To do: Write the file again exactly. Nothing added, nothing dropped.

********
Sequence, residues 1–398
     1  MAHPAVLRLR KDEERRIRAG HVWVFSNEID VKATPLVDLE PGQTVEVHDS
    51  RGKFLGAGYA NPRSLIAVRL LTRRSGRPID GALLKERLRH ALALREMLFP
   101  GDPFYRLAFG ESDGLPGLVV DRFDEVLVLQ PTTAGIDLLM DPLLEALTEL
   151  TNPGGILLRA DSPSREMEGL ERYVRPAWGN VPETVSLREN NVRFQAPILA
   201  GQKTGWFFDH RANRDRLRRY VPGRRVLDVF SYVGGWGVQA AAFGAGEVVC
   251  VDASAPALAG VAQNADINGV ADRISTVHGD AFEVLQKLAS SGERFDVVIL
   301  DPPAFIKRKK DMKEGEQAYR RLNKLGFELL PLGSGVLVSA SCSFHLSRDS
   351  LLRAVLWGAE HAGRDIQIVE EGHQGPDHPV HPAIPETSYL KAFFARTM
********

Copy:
Sequence, residues 1–398
     1  MAHPAVLRLR KDEERRIRAG HVWVFSNEID VKATPLVDLE PGQTVEVHDS
    51  RGKFLGAGYA NPRSLIAVRL LTRRSGRPID GALLKERLRH ALALREMLFP
   101  GDPFYRLAFG ESDGLPGLVV DRFDEVLVLQ PTTAGIDLLM DPLLEALTEL
   151  TNPGGILLRA DSPSREMEGL ERYVRPAWGN VPETVSLREN NVRFQAPILA
   201  GQKTGWFFDH RANRDRLRRY VPGRRVLDVF SYVGGWGVQA AAFGAGEVVC
   251  VDASAPALAG VAQNADINGV ADRISTVHGD AFEVLQKLAS SGERFDVVIL
   301  DPPAFIKRKK DMKEGEQAYR RLNKLGFELL PLGSGVLVSA SCSFHLSRDS
   351  LLRAVLWGAE HAGRDIQIVE EGHQGPDHPV HPAIPETSYL KAFFARTM